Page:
Your argument seems to fall on the "appeal to nature":https://en.wikipedia.org/wiki/Appeal_to_nature
It's not because it's natural (or the new fancy hipster term "organic") that it does good for you. As Paracelsus said: " All substances are poisons; there is none which is not a poison. The right dose differentiates a poison…" or something like that.
I think you've read Dave Asprey bullsoykaf, right? Most of what he says about coffee is a exaggerated to sell more of his "organic, mold free, super blast bulletproof coffee".
>has anyone had that wakey-wakey coffe effect from a tea?
I do, using yerba mate with green tea. If you do a powder from both and agitate in a recipient with 100C boiling water it extracts a good quantity of caffeine...
>I love making tea cocktails mixing some of them
I do to, I like it. I'm experimenting with Salvia now (noticed any effect at all), but I've have experiences with ginkgo biloba, ginseng and others. So far, aside from caffeine containing plants, no effect noticed. I've tried pills of kava and rhodiola rosea, nothing too.
>Got any sources for that?
Not the same guy but, as I said, you're falling on appeal to nature fallacy. What science do with plants some animistic religions say is bad. Basically because most of these think that all plants have an spirit ("anima mundi", or qi, kundalini, ether, etc) and when you consume these plants you're actually consuming it's spirit. It's fine if you apply it in a metaphorical way, but that's not exactly what science shows.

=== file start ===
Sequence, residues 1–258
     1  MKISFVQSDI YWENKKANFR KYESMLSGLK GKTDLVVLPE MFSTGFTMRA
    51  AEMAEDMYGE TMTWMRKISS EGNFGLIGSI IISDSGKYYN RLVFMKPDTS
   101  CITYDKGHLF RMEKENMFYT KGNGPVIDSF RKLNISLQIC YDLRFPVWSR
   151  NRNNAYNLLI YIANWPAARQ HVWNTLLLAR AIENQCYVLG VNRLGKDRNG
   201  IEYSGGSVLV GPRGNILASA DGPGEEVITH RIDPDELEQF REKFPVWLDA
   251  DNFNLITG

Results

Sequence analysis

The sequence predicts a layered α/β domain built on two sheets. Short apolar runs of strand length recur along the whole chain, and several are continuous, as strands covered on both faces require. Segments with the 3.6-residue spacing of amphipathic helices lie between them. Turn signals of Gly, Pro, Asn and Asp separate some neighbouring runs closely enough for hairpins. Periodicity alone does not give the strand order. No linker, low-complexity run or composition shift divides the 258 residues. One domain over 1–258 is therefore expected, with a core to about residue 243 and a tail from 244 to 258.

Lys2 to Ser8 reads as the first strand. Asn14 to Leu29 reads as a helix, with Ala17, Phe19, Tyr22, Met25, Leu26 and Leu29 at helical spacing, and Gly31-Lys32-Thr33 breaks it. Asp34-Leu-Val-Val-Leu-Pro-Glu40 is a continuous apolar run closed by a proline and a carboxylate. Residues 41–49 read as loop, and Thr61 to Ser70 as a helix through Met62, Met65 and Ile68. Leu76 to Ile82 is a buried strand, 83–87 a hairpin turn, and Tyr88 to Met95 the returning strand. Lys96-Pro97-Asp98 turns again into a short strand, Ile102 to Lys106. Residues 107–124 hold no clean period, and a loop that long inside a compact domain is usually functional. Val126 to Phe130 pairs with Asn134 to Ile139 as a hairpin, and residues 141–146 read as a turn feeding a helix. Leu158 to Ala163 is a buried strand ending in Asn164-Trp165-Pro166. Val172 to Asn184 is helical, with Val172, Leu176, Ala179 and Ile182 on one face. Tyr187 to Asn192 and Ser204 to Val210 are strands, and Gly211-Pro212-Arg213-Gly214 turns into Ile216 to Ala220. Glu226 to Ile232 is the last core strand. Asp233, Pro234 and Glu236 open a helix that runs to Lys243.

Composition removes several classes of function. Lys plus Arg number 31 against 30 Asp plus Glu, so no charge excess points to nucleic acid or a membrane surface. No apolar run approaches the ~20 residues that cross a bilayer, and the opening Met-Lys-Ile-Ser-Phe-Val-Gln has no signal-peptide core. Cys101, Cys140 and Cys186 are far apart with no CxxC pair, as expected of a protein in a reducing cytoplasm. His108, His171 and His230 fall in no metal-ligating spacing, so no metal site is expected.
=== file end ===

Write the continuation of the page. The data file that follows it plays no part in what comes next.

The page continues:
What science do is:
- Get a plant
- See what is the major components of it
- Remove the normal compounds (chlorophyll and some alkaloids) that have now show any particular effect (through double blind, placebo controlled, randomized clinical tests)
- Test it in animals. If show effects, go to the lab and check the components again
- Start removing those other substances until find the one that's actually doing the desired effect
- Test it again, but now with the pure substance in a clinical way (the state of art today is a peer review of double blink, placebo controlled and randomized)
- If some result is found, other academics will do research too. Other universities start to do peer review on papers.
- If the statistic is good, someone will do an meta-analysis of all these studies and, through statistics (see p-number), they can check if it works or not
Of course, you could argue that there's a kind of reductionism here. For example, different substances, when interacting may lead to different results. Science is aware of it. Most of them already know the drug metabolism (CYP450 and other enzymes, P-glycoprotein, etc) and the pharmacokinesis.
>yerba mate [...] can cause throat cancer
True. I've read that too. But to it actually cause cancer you'll have to drink it a lot. Also, most of the studies, IIRC, did with hot water, that may be the actual cause of cancer. If you think about it, a lot of people on south america drink it everyday and, if this cancer hypothesis is true, you should see a higher statistics in cancer on those places... and there's no statistics on this. Actually, there's more cancer , from what I remember, in big cities than on, say, the rural places of Paraguay or the south of Brazil.